As a Spartan with a diverse following, it gets hard for Sims to censor her feed. She thinks major historical events like this bring out people's true colors — you get to see what type of people you've been giving access to your life and that thought alone is scary.

"The thing that my family and close friends talked about was the whole idea of social media activism," she said, "It feels insincere, which is one of the reasons I stayed off of social media. I like the coverage and I like that this is starting a conversation, but I feel like it got to a point where people consider it a contribution, but... what does that actually do?"

Sims began to see activism be replaced with trends, but for her, Black Lives Matter isn't a trend. It is her community, her safety, her life.

"It also became very tied in with vanity," she added. "People started to post pictures of themselves, having fun at the beach or something, and the caption would read along the lines of 'Arrest the cops who killed Breonna Taylor.'. It became very self-serving, a trend, which was very disheartening to a lot of us in the Black community."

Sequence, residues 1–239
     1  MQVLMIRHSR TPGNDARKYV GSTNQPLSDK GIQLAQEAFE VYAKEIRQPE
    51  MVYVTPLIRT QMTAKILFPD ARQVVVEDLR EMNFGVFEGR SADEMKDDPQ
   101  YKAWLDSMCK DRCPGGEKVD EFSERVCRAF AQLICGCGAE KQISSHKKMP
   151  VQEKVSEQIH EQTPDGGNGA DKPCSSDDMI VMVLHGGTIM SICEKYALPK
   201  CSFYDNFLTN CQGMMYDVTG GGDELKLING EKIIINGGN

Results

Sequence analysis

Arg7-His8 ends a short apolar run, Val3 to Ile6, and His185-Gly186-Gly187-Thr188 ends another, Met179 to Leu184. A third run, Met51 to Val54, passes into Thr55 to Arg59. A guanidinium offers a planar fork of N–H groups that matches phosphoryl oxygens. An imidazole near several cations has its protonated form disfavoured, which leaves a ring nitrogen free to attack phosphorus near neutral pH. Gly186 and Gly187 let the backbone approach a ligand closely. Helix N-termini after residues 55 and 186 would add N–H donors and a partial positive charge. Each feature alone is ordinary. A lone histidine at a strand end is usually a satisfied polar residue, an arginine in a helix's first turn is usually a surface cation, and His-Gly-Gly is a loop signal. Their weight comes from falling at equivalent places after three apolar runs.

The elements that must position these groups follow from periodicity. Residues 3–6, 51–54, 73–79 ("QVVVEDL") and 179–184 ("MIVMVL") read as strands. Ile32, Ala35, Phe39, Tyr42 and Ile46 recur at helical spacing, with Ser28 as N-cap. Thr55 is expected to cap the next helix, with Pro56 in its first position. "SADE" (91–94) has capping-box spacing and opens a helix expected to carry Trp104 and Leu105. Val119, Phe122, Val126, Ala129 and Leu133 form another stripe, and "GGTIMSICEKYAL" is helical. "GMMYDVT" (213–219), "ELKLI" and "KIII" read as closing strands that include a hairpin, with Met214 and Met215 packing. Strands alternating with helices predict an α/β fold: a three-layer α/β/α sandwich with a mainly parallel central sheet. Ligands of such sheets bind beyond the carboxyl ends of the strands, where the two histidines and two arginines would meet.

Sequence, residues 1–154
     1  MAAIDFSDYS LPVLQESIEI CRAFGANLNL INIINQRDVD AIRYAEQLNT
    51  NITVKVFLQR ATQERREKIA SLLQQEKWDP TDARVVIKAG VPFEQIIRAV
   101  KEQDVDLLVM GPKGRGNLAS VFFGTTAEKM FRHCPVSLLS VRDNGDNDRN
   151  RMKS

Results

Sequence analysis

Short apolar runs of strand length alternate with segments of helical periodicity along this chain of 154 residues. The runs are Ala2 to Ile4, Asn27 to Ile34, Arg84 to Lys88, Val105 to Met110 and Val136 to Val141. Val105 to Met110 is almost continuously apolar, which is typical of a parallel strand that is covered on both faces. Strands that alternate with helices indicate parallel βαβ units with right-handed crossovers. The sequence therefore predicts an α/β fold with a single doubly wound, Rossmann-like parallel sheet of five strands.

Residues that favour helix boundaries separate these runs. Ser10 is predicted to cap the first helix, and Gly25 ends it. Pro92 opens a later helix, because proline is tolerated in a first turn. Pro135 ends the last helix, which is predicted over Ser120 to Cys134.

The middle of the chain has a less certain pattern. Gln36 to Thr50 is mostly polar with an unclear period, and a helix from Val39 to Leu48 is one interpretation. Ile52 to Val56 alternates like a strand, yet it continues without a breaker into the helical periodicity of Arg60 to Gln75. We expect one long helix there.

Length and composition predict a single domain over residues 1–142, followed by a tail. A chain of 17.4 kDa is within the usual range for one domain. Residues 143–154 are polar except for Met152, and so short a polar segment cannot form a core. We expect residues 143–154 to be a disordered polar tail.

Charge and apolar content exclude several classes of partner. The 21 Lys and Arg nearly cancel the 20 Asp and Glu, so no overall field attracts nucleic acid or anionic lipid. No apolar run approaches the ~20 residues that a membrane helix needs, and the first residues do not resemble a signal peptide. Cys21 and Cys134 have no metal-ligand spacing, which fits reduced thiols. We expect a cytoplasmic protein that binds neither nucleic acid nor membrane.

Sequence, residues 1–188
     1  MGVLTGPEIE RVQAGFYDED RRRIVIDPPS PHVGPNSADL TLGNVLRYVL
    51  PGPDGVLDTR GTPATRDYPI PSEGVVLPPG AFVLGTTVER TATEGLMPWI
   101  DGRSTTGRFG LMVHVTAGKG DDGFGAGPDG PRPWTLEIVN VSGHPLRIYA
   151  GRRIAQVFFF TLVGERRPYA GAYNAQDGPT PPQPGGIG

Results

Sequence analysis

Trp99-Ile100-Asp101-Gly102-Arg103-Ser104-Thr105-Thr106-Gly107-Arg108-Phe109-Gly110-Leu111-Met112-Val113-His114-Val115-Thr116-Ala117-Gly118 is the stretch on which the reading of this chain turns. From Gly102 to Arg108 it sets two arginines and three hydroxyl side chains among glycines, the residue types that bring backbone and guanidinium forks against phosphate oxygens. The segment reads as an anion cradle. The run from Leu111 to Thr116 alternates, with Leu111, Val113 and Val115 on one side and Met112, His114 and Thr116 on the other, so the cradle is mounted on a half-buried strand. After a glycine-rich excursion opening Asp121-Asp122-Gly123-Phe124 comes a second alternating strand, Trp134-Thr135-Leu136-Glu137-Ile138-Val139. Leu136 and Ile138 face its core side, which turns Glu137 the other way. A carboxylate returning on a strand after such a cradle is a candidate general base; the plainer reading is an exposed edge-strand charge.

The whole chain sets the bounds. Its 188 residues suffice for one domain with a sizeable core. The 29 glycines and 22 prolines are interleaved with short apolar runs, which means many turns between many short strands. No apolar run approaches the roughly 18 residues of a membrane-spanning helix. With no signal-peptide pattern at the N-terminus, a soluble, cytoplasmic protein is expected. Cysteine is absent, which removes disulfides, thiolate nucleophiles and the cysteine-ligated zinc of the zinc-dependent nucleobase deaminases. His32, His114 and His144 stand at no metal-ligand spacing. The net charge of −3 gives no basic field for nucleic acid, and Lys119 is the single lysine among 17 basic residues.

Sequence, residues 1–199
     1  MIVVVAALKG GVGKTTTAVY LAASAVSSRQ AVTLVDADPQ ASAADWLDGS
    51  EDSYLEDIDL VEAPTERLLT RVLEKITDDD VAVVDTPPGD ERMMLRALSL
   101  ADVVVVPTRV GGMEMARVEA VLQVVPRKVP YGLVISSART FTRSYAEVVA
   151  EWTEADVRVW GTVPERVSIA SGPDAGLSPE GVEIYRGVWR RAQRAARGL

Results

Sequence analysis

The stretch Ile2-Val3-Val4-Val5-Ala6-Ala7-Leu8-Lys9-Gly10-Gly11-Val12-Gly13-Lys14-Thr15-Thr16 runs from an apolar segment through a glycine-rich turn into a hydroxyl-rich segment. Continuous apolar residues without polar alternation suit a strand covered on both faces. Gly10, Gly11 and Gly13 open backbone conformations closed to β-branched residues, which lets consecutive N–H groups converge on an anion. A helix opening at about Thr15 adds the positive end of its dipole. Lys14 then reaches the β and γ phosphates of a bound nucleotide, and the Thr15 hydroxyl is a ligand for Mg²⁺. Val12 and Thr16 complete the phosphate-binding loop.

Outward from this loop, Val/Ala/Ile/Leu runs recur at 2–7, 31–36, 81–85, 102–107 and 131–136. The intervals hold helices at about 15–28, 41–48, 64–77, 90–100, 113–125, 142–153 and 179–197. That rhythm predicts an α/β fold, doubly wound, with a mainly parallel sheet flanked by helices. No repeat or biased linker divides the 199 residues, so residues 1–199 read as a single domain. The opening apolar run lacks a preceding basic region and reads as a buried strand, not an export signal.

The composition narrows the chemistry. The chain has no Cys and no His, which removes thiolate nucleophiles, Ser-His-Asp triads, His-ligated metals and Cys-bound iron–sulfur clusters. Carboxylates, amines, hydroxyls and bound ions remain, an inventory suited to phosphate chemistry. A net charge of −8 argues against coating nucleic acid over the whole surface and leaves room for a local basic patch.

Actions speak louder than words, Sims explained, and being aware of your implicit biases and unintentional mannerisms is the first step to changing your mindset.

She encourages non-Black people of color and white people to put themselves in uncomfortable situations — for example, she encourages her white friends to come to NABA meetings and meet people outside of the majority with their similar interests.

Your Black friends are tired. Tired of explaining to closed ears, tired of seeing their movement turned to trends and tired of waking up worried for their life. It's more than speaking about your solidarity online; you need to be productive and authentic in the Black community when opportunities present themselves, Sims said.